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Every story HAS to have conflict.

Without conflict you don’t have a story. The conflict can be between two characters, between a character and a force in the world or between a character and himself. Without it, what do you have?

Furthermore, conflict must turn from scene to scene. If a scene begins and then ends and nothing has happened to change the conflict–worsen it, lessen or twist it– nothing has really happened. It usually means you just spent time boring the reader with an information dump or some other darling that should’ve been the victim of a homicide.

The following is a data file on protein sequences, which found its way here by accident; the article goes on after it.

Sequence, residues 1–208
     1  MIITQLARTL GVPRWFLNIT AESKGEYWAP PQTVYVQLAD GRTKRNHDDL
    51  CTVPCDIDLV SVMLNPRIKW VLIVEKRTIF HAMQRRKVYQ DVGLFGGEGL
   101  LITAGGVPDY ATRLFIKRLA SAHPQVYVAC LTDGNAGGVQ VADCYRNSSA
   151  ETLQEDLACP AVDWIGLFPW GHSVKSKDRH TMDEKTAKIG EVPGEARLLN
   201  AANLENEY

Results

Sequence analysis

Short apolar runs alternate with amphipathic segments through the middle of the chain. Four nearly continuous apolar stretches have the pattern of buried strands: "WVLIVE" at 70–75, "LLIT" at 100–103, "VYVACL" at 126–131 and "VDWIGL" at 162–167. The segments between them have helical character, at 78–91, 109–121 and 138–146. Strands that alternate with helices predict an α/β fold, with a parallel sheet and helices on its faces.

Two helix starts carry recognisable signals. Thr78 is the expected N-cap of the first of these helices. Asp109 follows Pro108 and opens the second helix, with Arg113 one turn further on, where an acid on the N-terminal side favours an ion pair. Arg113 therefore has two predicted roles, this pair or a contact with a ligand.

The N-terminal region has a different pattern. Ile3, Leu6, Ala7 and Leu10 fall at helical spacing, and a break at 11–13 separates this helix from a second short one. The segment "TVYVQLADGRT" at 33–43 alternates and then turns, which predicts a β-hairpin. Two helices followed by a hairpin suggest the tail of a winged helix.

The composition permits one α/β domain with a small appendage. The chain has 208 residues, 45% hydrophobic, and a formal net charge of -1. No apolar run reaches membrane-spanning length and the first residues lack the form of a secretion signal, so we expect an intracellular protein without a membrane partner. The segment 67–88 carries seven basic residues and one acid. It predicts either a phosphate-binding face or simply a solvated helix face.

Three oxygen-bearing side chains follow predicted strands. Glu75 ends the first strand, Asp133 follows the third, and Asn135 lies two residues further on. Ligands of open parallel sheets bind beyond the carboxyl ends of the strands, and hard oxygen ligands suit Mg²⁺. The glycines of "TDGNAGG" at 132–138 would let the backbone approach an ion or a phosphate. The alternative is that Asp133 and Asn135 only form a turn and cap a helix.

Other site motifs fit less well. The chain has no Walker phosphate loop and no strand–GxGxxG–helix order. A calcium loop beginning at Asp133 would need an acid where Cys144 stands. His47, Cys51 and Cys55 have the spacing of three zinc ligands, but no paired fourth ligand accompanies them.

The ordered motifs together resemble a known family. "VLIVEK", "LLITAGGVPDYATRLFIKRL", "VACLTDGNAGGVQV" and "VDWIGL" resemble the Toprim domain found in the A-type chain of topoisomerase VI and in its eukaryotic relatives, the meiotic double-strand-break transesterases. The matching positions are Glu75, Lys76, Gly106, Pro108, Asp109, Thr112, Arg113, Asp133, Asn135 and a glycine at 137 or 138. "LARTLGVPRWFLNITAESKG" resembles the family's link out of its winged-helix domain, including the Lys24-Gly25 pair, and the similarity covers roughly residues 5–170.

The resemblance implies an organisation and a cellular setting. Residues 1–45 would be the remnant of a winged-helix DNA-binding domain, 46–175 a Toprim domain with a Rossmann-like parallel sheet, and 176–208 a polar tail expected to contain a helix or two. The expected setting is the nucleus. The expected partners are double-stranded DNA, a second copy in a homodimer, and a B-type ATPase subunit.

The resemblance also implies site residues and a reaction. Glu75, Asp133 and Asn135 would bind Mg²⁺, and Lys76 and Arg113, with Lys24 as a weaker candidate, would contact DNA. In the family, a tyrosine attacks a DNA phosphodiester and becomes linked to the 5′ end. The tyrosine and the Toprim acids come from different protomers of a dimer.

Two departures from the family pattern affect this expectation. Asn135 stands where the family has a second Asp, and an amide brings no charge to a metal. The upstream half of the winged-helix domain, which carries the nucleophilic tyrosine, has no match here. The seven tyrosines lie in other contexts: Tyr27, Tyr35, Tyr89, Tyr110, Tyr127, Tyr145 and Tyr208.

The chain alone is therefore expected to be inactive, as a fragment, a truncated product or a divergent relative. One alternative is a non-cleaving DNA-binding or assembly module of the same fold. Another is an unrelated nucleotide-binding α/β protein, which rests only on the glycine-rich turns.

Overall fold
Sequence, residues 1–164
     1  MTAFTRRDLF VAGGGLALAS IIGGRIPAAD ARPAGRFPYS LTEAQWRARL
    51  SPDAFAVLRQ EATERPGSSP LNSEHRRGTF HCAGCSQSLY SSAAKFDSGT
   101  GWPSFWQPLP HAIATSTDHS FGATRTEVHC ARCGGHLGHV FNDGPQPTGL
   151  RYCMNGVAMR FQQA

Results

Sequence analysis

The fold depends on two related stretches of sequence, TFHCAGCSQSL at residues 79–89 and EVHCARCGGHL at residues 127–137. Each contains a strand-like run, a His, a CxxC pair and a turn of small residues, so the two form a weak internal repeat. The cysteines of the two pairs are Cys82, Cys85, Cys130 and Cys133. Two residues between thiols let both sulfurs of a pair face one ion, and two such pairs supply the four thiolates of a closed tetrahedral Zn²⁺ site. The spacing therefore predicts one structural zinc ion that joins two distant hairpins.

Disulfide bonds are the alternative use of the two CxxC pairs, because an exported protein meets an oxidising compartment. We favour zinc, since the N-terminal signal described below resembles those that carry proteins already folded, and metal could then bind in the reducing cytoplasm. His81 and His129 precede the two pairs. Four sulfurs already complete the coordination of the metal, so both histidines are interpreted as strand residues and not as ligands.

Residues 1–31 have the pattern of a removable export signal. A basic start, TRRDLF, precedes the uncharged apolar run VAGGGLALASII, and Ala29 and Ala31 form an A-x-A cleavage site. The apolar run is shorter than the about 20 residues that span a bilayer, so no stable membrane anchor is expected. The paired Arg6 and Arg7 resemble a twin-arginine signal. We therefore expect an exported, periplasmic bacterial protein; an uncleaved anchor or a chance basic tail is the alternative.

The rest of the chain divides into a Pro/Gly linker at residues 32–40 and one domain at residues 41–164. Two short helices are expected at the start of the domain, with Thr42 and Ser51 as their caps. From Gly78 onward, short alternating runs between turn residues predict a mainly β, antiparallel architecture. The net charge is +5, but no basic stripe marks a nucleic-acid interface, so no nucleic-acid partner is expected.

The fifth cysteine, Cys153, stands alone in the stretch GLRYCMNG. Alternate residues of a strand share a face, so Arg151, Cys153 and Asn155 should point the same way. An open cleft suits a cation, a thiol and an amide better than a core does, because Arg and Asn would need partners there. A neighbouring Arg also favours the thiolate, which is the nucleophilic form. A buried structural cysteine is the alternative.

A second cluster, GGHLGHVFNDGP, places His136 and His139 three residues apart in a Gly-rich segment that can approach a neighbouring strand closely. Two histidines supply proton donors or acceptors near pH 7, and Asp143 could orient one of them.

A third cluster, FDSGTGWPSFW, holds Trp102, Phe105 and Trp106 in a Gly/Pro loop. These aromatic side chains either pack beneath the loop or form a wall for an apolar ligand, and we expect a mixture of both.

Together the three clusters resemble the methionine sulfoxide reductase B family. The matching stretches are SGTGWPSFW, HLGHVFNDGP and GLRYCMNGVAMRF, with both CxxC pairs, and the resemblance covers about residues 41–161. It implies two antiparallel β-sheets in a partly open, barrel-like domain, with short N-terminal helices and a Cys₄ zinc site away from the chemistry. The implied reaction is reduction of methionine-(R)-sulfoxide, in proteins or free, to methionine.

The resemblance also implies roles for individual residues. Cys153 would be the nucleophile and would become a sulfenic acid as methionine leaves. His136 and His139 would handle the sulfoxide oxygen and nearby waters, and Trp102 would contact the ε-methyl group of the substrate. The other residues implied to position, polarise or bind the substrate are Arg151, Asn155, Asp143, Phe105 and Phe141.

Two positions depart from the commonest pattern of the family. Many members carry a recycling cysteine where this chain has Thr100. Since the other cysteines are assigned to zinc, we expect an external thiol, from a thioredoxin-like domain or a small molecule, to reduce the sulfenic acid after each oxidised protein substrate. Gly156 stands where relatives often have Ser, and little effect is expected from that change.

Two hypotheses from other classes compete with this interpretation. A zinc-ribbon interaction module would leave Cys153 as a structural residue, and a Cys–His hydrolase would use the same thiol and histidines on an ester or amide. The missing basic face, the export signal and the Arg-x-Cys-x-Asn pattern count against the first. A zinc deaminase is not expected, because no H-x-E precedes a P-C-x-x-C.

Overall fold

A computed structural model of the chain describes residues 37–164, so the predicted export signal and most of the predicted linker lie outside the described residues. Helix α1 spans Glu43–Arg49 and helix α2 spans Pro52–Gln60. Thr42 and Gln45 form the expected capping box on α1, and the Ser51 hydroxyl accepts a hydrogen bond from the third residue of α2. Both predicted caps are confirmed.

Why conflict? Well, it’s what makes life interesting. Without it can you have a story?

No, you can’t.

Since the beginning of time stories have been told about people struggling against something. If you take that away I don’t know what you have.

You don’t have a story.

When you get feedback on your writing does it sound like this:

“I couldn’t find a hook?”

“I liked the writing but I couldn’t get in to the story.”

“It dragged in spots.”

“The characters didn’t speak to me.”

These are all disguised ways of saying your conflict needs work. Intensify it, bring more of it into every scene or create new conflicts on top of the main conflict.

It doesn’t matter what type of fiction or for that matter non-fiction you write. Characters who aren’t in conflict are boring.